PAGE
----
Including American wildlife in Autumnwatch New England and The Parachute Murder Plot
NEW wildlife Autumnwatch New England Monday-thursday, BBC2 Hd, 8pm
WITH THE NIGHTS drawing in and the clocks going back at the end of the month, it’s time once again for Autumnwatch’s seasonal snapshot of how wildlife is adapting to the changing seasons.
This year, however, there’s a big change to BBC2’S popular series of live broadcasts because presenters Chris Packham, Michaela Strachan and Gillian Burke are heading out to Squam Lake in New Hampshire, in the heart of New England, which is famous for its spectacular foliage as the seasons begin to turn.
The usual network of high-tech hidden cameras have been installed to capture footage of the local wildlife, which include moose, black bears, flying squirrels, coyotes, raccoons and bobcats.
In anticipation of this feast of flora and fauna, Tv&satellite Week caught up with Packham, 57, to find out what’s in store…
WHAT EXCITED YOU MOST ABOUT TAKING Autumnwatch TO AMERICA? It’s an opportunity to learn more about that part of the world and see how it contrasts with this one. Some themes will be the same, such as migration, but there’s a lot of difference in the migration. We also have overlaps in the species – grey squirrels, American mink, starlings and house sparrows. So, looking
at the contrast in their behaviour will be interesting. If a squirrel runs across my garden, I don’t look twice. But out there, in its natural environment, it will be interesting to see what grey squirrels do.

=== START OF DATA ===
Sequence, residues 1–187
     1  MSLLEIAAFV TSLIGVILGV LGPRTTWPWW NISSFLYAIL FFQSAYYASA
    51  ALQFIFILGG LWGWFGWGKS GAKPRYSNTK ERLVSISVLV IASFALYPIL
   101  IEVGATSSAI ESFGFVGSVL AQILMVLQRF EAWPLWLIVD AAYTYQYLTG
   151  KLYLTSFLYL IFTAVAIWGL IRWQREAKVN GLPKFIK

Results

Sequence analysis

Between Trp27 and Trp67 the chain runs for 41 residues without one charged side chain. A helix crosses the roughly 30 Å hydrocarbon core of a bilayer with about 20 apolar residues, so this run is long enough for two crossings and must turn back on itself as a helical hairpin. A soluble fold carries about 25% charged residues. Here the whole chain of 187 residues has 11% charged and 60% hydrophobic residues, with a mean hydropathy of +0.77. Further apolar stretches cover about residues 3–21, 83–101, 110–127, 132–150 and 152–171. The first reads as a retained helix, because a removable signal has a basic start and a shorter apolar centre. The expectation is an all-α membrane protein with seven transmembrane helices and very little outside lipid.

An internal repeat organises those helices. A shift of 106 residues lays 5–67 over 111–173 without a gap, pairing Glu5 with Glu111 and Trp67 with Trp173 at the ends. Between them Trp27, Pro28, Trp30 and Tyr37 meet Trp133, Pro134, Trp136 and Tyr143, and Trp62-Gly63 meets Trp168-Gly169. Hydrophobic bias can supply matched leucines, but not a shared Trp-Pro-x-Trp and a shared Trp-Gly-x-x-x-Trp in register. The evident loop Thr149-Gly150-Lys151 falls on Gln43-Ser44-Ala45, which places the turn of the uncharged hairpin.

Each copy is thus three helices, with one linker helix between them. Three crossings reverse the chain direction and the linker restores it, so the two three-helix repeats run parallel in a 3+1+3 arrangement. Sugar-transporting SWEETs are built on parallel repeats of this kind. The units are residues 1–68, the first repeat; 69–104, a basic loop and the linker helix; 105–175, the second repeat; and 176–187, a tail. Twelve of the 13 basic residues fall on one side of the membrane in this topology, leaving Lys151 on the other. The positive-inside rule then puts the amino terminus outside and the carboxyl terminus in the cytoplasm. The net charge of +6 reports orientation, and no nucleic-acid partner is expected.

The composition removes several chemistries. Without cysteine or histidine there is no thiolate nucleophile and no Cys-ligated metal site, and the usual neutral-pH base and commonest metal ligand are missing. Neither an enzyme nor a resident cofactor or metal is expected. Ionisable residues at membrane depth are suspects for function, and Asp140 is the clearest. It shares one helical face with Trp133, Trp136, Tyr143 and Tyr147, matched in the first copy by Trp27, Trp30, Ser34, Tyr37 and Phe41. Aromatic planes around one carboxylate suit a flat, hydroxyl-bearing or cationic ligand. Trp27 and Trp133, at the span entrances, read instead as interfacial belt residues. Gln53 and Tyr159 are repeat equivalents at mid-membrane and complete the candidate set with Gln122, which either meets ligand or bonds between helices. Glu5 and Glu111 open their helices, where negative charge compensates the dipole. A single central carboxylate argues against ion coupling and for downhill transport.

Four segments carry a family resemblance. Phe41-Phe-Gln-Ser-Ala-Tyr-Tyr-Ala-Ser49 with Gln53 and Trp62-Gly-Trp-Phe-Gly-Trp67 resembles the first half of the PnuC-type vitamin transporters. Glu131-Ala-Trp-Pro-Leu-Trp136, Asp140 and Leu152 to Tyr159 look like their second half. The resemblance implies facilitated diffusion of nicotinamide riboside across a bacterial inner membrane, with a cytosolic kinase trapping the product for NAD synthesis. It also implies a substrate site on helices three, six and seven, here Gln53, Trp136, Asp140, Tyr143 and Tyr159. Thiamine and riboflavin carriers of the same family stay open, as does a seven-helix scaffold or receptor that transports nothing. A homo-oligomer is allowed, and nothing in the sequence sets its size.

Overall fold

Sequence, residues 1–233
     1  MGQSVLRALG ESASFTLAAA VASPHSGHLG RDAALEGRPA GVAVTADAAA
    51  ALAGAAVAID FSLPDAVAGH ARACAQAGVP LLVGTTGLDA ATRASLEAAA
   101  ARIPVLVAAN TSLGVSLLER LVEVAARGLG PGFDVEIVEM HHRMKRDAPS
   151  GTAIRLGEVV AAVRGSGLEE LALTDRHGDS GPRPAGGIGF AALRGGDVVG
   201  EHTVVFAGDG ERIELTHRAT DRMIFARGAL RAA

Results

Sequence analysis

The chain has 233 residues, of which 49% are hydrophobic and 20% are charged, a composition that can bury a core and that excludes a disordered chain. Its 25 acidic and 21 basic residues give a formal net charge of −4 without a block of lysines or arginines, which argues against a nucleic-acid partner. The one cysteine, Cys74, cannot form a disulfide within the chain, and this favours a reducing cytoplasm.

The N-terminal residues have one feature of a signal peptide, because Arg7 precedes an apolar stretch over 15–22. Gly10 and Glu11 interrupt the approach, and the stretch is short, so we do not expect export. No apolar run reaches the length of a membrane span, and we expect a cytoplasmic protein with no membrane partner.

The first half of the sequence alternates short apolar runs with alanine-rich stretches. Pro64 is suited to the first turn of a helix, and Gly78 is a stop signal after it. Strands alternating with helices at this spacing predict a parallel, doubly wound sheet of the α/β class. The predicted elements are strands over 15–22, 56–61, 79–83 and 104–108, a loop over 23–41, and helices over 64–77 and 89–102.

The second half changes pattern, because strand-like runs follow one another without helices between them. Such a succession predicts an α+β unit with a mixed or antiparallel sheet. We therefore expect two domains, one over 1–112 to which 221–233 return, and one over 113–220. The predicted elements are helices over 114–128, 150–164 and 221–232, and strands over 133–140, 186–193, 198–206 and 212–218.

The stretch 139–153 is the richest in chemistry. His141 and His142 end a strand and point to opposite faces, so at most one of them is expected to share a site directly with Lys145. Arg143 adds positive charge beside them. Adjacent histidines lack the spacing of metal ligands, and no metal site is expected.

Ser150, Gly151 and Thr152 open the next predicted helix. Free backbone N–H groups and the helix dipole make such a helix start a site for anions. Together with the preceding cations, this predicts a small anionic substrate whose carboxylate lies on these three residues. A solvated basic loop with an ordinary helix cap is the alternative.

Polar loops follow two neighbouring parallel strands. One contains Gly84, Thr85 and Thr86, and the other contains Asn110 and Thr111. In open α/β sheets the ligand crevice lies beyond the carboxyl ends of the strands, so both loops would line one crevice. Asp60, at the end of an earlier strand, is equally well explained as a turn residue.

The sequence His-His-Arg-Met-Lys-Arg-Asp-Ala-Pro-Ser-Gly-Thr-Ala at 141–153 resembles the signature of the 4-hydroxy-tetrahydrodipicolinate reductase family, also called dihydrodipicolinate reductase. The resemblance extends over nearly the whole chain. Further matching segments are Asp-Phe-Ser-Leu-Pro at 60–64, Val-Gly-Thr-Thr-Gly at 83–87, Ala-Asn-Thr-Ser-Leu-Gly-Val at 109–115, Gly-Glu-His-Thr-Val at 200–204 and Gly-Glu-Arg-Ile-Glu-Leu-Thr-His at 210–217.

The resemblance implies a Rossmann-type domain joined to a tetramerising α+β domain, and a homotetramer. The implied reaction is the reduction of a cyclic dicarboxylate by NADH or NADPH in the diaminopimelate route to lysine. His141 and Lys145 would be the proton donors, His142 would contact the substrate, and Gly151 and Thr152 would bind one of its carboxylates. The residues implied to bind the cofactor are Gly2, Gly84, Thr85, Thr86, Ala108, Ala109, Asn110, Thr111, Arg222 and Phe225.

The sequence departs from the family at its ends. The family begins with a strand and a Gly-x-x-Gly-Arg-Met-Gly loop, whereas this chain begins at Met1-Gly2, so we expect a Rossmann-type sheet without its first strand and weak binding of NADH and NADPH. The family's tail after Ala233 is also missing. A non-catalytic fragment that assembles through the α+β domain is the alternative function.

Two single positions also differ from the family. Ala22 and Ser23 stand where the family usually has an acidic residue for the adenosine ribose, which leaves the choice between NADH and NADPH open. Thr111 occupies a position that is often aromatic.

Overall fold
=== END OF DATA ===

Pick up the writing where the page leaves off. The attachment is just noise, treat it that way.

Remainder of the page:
THE LIVE SHOW LOCATIONS LIKE?
There are two hubs. Michaela and I are going to be at a log cabin on Squam Lake – which is where the film On
Golden Pond was filmed, so I hope Michaela’s watched it so we can include lots of references. And Gillian’s going to be at the Squam Lakes Natural Science Center.
ARE YOU LOOKING
FORWARD TO STUDYING
THE BIGGER MAMMALS LIKE BEARS AND MOOSE?
Oh, yes. Here, we have this cosy existence where the largest thing we bump into at night is a fox or a badger. But there, they have bears, bobcats and huge moose.
I am particularly interested in animals like raccoons and skunks, because they have overcome adversity and are doing well and, despite their reputation, are fascinating. There are also timber rattlesnakes, and New England is famed for its raptor migration.
HAVE YOU LEARNT ANY INTERESTING FACTS WHILE PREPARING FOR THE SERIES?
I learnt that moose, like otters, beavers and seals, have muscles in their nostrils. This means they can close them when they’re feeding on plants that are underwater. As well as having a nose that can close, they also have the capacity to bite underwater without drowning – I had no idea! Also, year after year, timber rattlesnakes go back to the same dens in the Autumn, emerging again in the Spring. They will go back to exactly the same hole in the rock for 20 years.
‘it’s a chance to see how that part of the world contrasts with this one’ CHRIS Packham
WILL THE TEAM SPOTA MOOSE?
A TIMBER RATTLESNAKE